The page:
Myanmar, though not as widely associated with contemporary art as neighbouring China, India and Thailand, has established a presence at international biennales, art fairs and auction houses following the dissolution of military rule in 2011 and easing of restrictions placed on artists, both in subject matter and access to global audiences. ‘Pictures of Transition: Contemporary Paintings from Myanmar’, an exhibition of 40 works by 23 artists presented at the ANU’s School of Art & Design Gallery in March, was a product of this shift and had the distinction of being the first public display of such work in Australia since the inauguration of Burmese democracy. The works chosen varied widely in style and content yet were given coherence by their arrangement into five themes: abstraction and individualism, urban life, rural life, sociopolitical life, and beliefs.
For most Australian viewers, the last two themes were likely most familiar, calling to mind Nobel Peace Prize laureate Aung San Suu Kyi and the country’s Buddhist temple architecture. Daw Suu (2016), a sensitive portrait by Zwe Yan Naing, fulfils the first expectation. What seems at first an expression of devotion is complicated, however, when closer inspection reveals a collage of postage stamps, transforming Aung San Suu Kyi into a symbol for a new nation united in diversity, and celebrating the freedom of communication brought by her election as State Counsellor in 2016. Yet the fracturing of the political leader’s face could also be read as a subtle allusion to the cracks that have started to appear in her public image as news of persistent human rights abuses continues to emerge from Myanmar.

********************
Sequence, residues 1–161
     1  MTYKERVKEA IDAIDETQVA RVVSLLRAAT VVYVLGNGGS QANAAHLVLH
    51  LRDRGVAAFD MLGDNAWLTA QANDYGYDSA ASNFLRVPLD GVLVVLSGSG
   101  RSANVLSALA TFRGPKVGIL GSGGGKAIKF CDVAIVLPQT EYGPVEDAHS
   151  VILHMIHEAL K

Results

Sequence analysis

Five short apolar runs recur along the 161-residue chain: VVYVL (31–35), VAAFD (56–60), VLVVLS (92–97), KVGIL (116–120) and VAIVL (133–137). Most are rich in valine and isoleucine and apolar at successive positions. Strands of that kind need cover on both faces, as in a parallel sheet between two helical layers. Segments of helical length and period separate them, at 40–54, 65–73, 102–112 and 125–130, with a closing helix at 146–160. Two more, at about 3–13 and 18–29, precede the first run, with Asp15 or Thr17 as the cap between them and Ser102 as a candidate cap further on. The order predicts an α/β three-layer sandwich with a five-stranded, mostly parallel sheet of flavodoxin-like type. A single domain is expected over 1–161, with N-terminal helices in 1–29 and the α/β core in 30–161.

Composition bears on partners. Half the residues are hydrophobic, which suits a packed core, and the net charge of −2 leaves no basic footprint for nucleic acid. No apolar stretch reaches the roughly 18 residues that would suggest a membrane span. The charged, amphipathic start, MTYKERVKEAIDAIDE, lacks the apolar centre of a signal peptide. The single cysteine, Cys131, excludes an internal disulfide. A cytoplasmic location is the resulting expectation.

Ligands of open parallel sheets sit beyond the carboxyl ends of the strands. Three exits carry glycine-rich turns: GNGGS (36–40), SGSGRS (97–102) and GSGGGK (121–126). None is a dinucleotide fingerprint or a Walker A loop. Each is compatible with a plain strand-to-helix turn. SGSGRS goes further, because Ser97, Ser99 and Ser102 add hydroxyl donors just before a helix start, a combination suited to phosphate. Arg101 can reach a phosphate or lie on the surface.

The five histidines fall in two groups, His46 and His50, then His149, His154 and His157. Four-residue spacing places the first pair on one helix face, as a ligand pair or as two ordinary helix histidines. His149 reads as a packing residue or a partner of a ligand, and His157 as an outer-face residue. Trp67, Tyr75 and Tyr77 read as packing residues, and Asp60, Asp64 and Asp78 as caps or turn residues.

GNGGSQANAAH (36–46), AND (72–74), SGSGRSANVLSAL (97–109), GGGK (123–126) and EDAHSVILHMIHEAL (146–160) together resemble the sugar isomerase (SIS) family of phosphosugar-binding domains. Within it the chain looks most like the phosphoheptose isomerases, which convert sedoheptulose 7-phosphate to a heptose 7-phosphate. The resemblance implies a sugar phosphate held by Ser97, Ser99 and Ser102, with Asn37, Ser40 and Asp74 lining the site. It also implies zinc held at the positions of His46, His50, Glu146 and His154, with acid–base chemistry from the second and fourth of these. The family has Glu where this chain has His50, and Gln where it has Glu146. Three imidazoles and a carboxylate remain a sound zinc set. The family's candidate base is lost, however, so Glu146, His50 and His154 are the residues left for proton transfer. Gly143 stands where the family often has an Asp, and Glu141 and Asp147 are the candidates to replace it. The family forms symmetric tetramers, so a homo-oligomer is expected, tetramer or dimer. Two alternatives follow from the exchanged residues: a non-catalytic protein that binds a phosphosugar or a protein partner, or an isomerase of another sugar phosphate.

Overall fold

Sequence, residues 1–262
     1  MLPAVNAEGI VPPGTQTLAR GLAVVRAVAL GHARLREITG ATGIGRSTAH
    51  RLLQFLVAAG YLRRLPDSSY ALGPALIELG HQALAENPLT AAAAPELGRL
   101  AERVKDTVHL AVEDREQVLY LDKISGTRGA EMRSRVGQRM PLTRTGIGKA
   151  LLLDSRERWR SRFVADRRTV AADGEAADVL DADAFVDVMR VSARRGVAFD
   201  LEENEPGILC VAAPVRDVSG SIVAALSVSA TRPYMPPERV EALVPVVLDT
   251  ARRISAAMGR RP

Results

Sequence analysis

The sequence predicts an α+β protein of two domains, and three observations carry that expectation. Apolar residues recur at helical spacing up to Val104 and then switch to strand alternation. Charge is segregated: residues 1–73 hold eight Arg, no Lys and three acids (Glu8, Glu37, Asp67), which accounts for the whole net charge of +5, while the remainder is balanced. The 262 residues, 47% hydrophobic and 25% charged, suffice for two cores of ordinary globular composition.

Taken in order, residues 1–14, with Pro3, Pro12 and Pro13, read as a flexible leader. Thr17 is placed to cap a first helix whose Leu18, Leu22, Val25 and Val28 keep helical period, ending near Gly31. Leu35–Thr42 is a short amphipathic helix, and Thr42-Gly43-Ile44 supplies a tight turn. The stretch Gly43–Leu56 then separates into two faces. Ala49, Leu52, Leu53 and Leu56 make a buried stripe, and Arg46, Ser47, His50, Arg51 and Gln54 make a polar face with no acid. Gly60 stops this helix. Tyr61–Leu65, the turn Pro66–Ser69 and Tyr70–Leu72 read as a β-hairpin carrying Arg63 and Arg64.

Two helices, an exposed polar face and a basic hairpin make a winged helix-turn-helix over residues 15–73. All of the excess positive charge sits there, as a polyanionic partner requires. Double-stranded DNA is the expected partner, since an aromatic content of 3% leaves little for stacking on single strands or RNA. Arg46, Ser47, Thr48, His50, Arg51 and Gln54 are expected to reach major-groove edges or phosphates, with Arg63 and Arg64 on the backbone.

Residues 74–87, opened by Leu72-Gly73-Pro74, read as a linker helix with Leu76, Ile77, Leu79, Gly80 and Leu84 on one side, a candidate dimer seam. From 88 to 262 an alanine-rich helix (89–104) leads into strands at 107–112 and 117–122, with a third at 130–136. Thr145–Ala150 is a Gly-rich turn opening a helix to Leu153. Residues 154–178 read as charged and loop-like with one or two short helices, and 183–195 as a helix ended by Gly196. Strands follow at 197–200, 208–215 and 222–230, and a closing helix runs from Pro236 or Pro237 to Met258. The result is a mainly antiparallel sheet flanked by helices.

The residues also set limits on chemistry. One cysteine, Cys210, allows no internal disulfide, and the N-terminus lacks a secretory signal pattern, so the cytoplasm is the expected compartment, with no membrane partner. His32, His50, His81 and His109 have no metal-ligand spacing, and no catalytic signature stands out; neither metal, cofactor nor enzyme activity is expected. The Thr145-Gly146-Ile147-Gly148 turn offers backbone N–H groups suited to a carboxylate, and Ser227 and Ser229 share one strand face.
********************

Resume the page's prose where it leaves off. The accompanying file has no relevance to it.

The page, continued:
Buddhist themes predominated further into the gallery, most clearly in Shine Lu’s The Buddha’s Face (2014), one of a series of canvases recreating past schools of Buddhist art, from ancient Indian Gandhara to the nineteenth-century Burmese Mandalay style. Like the faded protagonists of a timeworn temple mural, comparable Buddha images emerged from inscrutable drips and fields of colour in Htoo Aung Kyaw’s Narrative (2013) and Lola Hasta (2017), fusing the refined iconography of the Pyu and Bagan eras with an emotive response to the pressures of contemporary life.
More than recognisably Burmese subjects, it was this range and mastery of technique that proved most appealing in ‘Pictures of Transition’. The artists, ranging across generations, handled their materials with sensitivity and expressiveness. A dizzying array of drips, slashes, voluptuous strokes, ethereal washes and impasto outcroppings of paint carried viewers through an equally eclectic range of inspiration, leaving little doubt about the defining trait of contemporary art in Myanmar: its strident individuality after five decades of government repression.
For more information, see: https://issuu.com/anuschoolofartgallery/docs/pictures_of_transition_catalogue_fi
Alex Burchmore, Canberra